Granard Motte and Bailey
The town of Granard in north-east Longford is dominated by Granard Motte and Bailey. This is an Anglo-Norman fortification which centres on a large man-made earthen mound called the motte.
The motte would have originally had a timber structure called a ‘keep’ on top, which was the heart of the castle complex.
At the base of the motte was the bailey, sometimes called a bawn, which was a courtyard housing the additional living accommodation, animal sheds and storage areas. Some of the more important sites, such as Granard, have a double-bailey.
The bailey would have been protected by an impressive timber palisade fence construction and a series of ramparts and ditches known as the ‘fosse’. Like many other motte-and-baileys in Longford, this was constructed on the site of an earlier ringfort, reusing the earlier native Irish defensive building type.
It is also the most likely location of the inauguration site of the Ó Fearghaill Bán, the local branch of the O’Farrell clan.
The motte at Granard was built by Richard de Tuite around the year 1199. De Tuite was a Norman knight who was granted lands in east Longford and into Westmeath in 1180 under King Henry II of England. He was later made the lord chief justice of Ireland.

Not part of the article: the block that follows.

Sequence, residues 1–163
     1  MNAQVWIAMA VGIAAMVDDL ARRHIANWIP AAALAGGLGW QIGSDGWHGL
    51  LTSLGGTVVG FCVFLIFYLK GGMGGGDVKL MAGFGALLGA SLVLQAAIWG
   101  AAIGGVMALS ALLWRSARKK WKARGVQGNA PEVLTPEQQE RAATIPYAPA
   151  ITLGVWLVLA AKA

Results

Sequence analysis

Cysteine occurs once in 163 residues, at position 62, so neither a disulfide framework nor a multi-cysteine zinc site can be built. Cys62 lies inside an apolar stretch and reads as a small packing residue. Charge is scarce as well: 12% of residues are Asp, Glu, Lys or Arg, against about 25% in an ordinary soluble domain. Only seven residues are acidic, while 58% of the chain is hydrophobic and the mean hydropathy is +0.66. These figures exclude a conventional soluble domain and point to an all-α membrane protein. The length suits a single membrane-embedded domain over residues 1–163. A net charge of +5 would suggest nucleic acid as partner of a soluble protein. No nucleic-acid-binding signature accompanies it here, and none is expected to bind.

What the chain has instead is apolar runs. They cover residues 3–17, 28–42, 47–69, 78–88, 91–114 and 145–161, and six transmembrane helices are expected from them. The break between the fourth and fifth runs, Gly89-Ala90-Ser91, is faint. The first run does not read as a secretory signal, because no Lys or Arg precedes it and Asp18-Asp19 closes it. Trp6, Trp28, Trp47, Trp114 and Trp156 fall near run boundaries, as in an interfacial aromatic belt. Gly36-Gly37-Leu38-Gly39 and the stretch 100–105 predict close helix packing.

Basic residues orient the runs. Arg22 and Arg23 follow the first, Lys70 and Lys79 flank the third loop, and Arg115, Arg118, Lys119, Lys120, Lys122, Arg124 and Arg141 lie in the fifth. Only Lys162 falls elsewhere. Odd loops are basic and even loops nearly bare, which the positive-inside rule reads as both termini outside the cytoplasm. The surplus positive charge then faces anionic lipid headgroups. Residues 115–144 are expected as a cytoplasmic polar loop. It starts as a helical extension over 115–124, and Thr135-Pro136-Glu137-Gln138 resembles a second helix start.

He was also patron of the Cistercian monastery in the nearby village of Abbeylara and his remains were laid to rest there after his death in 1210. In 1210 King John stayed at Granard motte during his campaign against Hugh de Lacy.
St. Patrick, Ireland’s patron saint, visited Granard in his mission to convert the Irish to Christianity. In 1932, to mark the 1500th anniversary of Patrick’s arrival in Ireland, a statue was erected in his honour on the summit of the motte.
The land is currently in private ownership and the monument is under the guardianship of the State. There are no dedicated paths to the top of the motte, therefore it not walked upon in order to protect the monument from accidental damage.